A story recently appeared in the Atlantic City Press talking about the apparent rise in comping at Atlantic City casinos. I wanted to compare the AC casino comping (big) picture with the Vegas one, and will do so just after the jump.
The gist of the Press article is that AC casinos are comping more--with an important qualification. Namely, that they're actually giving away less.
Citing the article itself, 2006 was the peak year for Atlantic City's comps: it gave away $1.7 billion in stuff that year, with total casino revenues of $5.2 billion. In 2010, it gave away $1.2 billion (yes, the article says $1.3 billion, but on my calculator $1,223,338,000 rounds down to $1.2 billion) on revenues of $3.6 billion.
And that's the key to the whole story right there. It isn't that the casinos are more generous than they were before, either from the kindness of their own hearts or because of increased regional competition. It's that they're giving away less than they were before, but they're getting less return on their promotional "investments."
In 2006, the industry comp/revenue ratio was 28.9%: casinos gave away about 29 cents of every dollar that they earned in win. In 2010, that number rose to 33.3%, or thirty-three cents on the dollar.
Looking at the totals for individual casinos from 2003 to 2010 makes an interesting point.
As you can see, it's the challenged casinos--AC Hilton, Resorts, Tropicana,and Showboat--that have the highest comp percentages. Showboat's an interesting case since it's part of the Caesars Entertainment megalith. Are comping policies really that much looser at Showboat than Bally's, Caesars, or Harrah's? The whole point of Total Rewards is that they aren't. Isn't it? Instead, it seems that Showboat's just a lot worse at converting comps into increased gaming revenues.
And it's no surprise that the most successful casino in the bunch has the lowest ratio: the Borgata's 28.6% (as of 2010). And the Borgata's seen comparatively little growth in its comp ratio (5% of revenues)compared to other casinos: Tropicana nearly doubled its comp ration from 21.9% to 43.8%.
Worse yet, the trend is heading in the wrong direction. In 2007, there was one casino in the over-40% red zone: the AC Hilton. In 2010, four casinos were there.
As a whole, the industry is spending 8 cents more per dollar of casino win in revenues. That's not sustainable, and those properties with the highest comp ratios are the most likely to collapse.
Let's now turn to the Las Vegas Strip. In 1999, the big casinos on the Las Vegas Strip (those making more than $72 million in revenue that fiscal year) spent about 19.2% of each dollar of casino win on comps and promotional expenses. By 2009, that number had risen to 30.5%--just under Atlantic City's industry average for that year. But in 2010, with $1.3 billion in comps (more than Atlantic City), they'd pulled back to 28.1%--a much more manageable number. While the Atlantic City comp ratio ticked up nearly two percentage points, the Strip's went down by more than that amount.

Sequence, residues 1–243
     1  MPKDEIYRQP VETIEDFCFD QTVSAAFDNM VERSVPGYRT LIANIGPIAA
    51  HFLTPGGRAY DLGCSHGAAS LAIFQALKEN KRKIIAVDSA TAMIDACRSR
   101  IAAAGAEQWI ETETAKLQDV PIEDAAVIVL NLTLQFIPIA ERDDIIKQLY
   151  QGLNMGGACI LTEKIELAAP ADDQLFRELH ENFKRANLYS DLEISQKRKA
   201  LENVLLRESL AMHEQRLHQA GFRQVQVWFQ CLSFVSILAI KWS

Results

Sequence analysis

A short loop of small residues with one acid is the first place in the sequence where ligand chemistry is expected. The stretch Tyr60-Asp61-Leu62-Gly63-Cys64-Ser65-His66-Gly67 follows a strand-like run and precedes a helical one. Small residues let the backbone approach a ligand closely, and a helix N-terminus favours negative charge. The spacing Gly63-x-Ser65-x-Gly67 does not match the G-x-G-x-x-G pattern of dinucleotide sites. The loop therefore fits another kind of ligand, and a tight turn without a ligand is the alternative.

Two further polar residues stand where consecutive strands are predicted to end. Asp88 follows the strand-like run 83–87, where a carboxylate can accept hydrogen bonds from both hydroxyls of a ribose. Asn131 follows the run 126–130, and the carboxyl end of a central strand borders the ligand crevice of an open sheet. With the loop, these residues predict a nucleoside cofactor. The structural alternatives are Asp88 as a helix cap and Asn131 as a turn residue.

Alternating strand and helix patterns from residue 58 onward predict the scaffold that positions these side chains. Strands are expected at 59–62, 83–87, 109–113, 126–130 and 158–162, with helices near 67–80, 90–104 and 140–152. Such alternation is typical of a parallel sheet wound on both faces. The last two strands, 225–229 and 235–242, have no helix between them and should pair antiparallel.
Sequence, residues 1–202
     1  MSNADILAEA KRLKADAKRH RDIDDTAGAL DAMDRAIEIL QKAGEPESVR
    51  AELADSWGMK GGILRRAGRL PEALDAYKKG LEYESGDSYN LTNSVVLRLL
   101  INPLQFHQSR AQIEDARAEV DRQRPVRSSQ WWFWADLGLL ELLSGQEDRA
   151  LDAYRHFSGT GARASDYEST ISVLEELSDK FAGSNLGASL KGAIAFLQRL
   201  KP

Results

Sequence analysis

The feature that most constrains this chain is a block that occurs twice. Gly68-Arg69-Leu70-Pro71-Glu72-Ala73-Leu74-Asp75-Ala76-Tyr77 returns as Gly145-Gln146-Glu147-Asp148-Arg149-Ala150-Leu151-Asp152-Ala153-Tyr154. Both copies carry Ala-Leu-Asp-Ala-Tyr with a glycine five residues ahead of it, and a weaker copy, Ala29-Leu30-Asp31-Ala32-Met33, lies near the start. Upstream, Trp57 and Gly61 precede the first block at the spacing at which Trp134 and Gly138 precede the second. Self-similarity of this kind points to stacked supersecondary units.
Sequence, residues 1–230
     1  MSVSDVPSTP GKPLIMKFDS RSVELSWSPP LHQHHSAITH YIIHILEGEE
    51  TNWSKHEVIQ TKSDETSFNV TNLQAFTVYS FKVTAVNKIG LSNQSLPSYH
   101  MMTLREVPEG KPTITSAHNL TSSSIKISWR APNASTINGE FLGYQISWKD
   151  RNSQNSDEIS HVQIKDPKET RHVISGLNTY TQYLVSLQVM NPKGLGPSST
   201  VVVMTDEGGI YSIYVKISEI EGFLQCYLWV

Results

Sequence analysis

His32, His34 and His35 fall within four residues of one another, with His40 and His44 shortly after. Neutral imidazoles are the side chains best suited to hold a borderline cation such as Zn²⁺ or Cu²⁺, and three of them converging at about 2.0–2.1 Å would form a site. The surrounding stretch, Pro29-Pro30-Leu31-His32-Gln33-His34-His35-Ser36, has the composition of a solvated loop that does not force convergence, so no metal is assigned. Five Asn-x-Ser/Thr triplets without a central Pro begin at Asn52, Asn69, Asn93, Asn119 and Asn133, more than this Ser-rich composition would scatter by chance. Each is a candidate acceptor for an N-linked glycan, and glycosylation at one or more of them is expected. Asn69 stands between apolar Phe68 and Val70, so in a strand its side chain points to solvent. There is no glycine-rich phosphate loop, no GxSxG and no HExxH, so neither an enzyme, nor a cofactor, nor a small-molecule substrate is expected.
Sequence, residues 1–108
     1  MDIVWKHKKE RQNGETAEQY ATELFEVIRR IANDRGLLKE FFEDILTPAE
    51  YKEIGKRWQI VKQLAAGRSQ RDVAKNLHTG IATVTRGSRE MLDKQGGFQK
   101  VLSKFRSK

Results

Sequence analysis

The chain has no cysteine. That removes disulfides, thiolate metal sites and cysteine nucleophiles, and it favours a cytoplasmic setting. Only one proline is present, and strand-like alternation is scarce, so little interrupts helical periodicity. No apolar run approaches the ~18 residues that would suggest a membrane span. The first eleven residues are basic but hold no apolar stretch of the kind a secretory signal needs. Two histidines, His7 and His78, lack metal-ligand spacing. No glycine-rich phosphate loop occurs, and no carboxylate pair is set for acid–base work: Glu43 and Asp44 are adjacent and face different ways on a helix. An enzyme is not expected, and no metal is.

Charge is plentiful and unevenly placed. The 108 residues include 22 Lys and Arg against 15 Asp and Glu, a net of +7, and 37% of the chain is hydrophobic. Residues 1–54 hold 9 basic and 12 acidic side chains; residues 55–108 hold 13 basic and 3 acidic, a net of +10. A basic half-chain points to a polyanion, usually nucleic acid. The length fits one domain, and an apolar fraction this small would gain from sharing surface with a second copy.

The simple numbers are an excellent illustration of the differing experiences Atlantic City and Las Vegas have had during the recession: it has hurt Las Vegas, but it has crippled Atlantic City.
It's also interesting to see how different Atlantic City casinos tracked long before the recession started. The ACH has consistently been near the top of the list; Borgata's been at the bottom; and the Taj has hovered just around the industry average. Showboat's always given more away, per capita, than its Caesars stablemates. And it's too bad we don't have the same property-level information available on the Strip, since that would shed a great deal of light on how well individual properties are performing.
When I have the time (which is a major when) I want to do a twenty-year study (meaning it'll use data over 20 years, not that it'll take me 20 years) of Atlantic City casinos' financial performance, factoring in number of positions, revenues, comp and promotional expenses, and capital expenditures. It's easy to see the final outcome--the properties that are well-maintained (Borgata, Harrah's) do the best--but I'm interested to see how well that correlates towards the middle of the market. Does investing 5% more of annual revenues in capex lead to any measurable increase in revenues? Or are casinos better off neglecting maintenance and keeping their money for other purposes?
That's in the future. For now, let's just think about comps. Is too much ever...too much? In other words, as much as players love to lambaste the "beancounters" who restrict comps, what's the alternative? A casino that gives until it hurts? Or, in this case, goes into foreclosure?
The phrase "There Ain't No Such Thing As A Free Lunch" is just as applicable in a casino as it is elsewhere.